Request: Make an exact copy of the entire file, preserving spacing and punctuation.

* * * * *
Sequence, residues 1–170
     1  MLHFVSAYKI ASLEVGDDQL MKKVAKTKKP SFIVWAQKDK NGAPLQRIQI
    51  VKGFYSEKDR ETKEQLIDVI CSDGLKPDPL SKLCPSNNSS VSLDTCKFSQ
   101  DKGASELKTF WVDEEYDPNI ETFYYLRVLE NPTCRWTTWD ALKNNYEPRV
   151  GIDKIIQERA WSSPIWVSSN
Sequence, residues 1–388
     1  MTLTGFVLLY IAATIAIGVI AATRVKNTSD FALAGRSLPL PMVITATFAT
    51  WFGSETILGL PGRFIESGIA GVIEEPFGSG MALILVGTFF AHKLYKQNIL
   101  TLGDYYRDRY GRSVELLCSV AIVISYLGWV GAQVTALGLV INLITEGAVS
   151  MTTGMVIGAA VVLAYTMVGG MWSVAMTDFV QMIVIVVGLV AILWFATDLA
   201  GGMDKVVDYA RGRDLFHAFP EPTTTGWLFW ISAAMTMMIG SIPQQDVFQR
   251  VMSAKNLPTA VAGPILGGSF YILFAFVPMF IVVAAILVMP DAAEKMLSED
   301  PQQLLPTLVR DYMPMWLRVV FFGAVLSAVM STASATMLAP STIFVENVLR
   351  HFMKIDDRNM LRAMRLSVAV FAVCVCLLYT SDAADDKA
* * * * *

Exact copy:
Sequence, residues 1–170
     1  MLHFVSAYKI ASLEVGDDQL MKKVAKTKKP SFIVWAQKDK NGAPLQRIQI
    51  VKGFYSEKDR ETKEQLIDVI CSDGLKPDPL SKLCPSNNSS VSLDTCKFSQ
   101  DKGASELKTF WVDEEYDPNI ETFYYLRVLE NPTCRWTTWD ALKNNYEPRV
   151  GIDKIIQERA WSSPIWVSSN
Sequence, residues 1–388
     1  MTLTGFVLLY IAATIAIGVI AATRVKNTSD FALAGRSLPL PMVITATFAT
    51  WFGSETILGL PGRFIESGIA GVIEEPFGSG MALILVGTFF AHKLYKQNIL
   101  TLGDYYRDRY GRSVELLCSV AIVISYLGWV GAQVTALGLV INLITEGAVS
   151  MTTGMVIGAA VVLAYTMVGG MWSVAMTDFV QMIVIVVGLV AILWFATDLA
   201  GGMDKVVDYA RGRDLFHAFP EPTTTGWLFW ISAAMTMMIG SIPQQDVFQR
   251  VMSAKNLPTA VAGPILGGSF YILFAFVPMF IVVAAILVMP DAAEKMLSED
   301  PQQLLPTLVR DYMPMWLRVV FFGAVLSAVM STASATMLAP STIFVENVLR
   351  HFMKIDDRNM LRAMRLSVAV FAVCVCLLYT SDAADDKA